- Frederick IV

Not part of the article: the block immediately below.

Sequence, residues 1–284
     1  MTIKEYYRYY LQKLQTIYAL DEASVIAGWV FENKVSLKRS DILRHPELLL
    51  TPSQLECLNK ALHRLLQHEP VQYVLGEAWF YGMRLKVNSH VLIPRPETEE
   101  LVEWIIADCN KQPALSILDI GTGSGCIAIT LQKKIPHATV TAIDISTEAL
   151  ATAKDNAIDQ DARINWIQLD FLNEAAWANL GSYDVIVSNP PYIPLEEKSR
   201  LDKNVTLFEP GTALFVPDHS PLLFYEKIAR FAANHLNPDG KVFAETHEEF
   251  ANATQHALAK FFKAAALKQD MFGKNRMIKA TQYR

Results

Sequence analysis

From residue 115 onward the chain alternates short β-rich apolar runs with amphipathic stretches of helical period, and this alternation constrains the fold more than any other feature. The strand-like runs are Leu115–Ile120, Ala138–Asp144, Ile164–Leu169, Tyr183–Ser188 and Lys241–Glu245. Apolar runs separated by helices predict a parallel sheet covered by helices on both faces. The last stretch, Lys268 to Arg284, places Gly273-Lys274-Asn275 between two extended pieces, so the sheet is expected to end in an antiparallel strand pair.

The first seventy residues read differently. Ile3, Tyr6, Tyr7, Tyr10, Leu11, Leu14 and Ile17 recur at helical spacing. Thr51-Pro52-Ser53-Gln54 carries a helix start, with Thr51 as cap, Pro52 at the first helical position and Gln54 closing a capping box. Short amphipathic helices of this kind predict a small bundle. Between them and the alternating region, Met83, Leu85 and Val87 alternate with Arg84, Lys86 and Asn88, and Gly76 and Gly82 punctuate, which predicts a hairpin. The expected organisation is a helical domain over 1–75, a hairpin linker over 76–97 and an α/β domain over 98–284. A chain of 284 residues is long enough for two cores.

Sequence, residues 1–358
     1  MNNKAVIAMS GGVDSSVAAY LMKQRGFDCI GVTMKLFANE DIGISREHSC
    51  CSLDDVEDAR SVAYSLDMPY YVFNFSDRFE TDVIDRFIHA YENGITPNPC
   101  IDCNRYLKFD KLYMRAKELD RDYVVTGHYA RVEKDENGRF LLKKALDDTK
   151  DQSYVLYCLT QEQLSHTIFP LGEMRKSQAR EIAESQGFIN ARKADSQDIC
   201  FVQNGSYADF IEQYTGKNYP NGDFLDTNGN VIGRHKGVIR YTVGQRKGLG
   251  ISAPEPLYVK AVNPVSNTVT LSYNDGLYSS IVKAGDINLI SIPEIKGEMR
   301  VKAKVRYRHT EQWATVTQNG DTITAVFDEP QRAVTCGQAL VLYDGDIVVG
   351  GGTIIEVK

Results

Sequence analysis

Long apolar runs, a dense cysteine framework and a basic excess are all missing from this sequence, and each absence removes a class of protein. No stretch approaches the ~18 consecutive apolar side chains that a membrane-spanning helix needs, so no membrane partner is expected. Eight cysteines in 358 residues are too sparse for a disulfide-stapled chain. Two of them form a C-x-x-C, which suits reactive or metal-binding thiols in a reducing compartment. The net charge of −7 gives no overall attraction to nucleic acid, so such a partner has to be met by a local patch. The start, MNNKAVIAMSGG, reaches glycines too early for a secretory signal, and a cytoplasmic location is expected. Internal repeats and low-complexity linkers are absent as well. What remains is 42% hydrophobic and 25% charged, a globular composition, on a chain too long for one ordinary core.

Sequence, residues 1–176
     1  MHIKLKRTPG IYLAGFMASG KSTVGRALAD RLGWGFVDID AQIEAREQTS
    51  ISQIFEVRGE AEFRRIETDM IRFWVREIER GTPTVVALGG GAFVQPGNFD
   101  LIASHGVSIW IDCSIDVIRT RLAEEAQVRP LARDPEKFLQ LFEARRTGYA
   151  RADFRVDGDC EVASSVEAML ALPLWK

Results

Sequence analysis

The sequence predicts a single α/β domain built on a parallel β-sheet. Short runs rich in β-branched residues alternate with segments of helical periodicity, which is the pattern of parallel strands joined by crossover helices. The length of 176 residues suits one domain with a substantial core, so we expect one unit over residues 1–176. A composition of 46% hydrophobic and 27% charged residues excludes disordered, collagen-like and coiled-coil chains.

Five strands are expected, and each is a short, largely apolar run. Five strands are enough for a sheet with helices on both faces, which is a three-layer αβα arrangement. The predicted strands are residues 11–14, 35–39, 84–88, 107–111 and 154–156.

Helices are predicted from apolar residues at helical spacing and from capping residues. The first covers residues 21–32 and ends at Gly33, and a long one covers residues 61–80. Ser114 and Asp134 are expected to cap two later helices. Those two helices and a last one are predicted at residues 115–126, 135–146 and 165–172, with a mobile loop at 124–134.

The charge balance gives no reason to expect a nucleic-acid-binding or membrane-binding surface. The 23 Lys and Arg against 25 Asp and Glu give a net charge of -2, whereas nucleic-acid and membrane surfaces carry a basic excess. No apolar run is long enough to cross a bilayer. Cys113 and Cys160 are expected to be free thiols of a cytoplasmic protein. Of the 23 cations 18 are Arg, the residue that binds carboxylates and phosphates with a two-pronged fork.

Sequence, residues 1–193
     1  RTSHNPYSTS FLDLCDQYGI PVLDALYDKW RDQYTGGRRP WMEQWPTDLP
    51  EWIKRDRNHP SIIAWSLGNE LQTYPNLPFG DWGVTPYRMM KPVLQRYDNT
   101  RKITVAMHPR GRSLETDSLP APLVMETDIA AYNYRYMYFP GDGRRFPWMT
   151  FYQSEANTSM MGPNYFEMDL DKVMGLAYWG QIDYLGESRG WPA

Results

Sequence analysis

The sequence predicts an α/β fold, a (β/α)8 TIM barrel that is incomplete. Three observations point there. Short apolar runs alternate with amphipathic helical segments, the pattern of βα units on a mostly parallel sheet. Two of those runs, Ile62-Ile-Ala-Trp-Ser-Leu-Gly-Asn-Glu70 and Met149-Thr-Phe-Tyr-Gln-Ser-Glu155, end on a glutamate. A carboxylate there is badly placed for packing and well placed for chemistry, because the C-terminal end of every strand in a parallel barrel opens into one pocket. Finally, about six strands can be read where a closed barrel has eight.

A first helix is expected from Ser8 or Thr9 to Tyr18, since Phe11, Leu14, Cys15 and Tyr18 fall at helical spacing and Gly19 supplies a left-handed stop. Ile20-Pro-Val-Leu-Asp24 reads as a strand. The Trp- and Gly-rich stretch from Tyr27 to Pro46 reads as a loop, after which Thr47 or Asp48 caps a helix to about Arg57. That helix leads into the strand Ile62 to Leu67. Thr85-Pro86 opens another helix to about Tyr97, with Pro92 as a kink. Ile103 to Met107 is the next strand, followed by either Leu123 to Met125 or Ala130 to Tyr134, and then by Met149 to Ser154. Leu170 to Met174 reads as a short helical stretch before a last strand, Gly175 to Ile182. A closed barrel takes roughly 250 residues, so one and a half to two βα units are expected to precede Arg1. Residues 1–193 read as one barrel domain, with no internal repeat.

▪ elector Palatine of the Rhinebyname Frederick The Righteous, German Friedrich Der Aufrichtigeborn March 5, 1574, Amberg, Palatinatedied Sept. 19, 1610, Heidelbergelector Palatine of the Rhine, only surviving son of the elector Louis VI.Frederick's father died in October 1583, when the young elector came under the guardianship of his uncle John Casimir, an ardent Calvinist. In January 1592, on the death of John Casimir, Frederick undertook the government of the Palatinate and continued his uncle's policies of hostility to the Catholic Church and the Habsburgs and cooperation with foreign Protestants. He was often in communication with Henry of Navarre, afterward Henry IV of France, and like him was unremitting in his efforts to conclude a league among the German Protestants. After many delays the Union of Evangelical Estates (Protestant Union) was actually formed in May 1608, under the leadership of the elector, and he took a prominent part in directing the operations of the union until his death. Frederick was very extravagant, and liked to surround himself with pomp and luxury.▪ king of Denmark and Norwayborn Oct. 11, 1671, Copenhagendied Oct. 12, 1730, Odense, Den.king of Denmark and Norway (1699–1730), who succeeded his father, King Christian V. He continued the Danish efforts to sever the House of Gottorp's link with Sweden, but his first attempt to do so, in 1700 at the outbreak of the Great Northern War, was checked by Charles XII of Sweden. Frederick then accepted the Treaty of Traventhal (1700), but he reentered the war in 1709, and at the Peace of Frederiksborg (1720) Denmark obtained English and French guarantees for the sole possession of the Duchy of Schleswig by the Danish crown, though remaining administratively separate. At home the King introduced reforms. A local militia was instituted in 1701. The legal bond tying peasants to the land on which they worked was partially abolished in eastern Denmark after 1702. On the crown estates Frederick reorganized defense measures and established 240 elementary schools. His private life, however, often aroused indignation. Having married Louise of Mecklenburg-Güstrow in 1695, he entered into two morganatic marriages during her lifetime. The second of these, in 1712, was with Anna Sophie, daughter of the chancellor, Conrad, Count Reventlow, and after Louise's death (1721), despite opposition within the royal family, he raised Anna Sophie to the dignity of queen.
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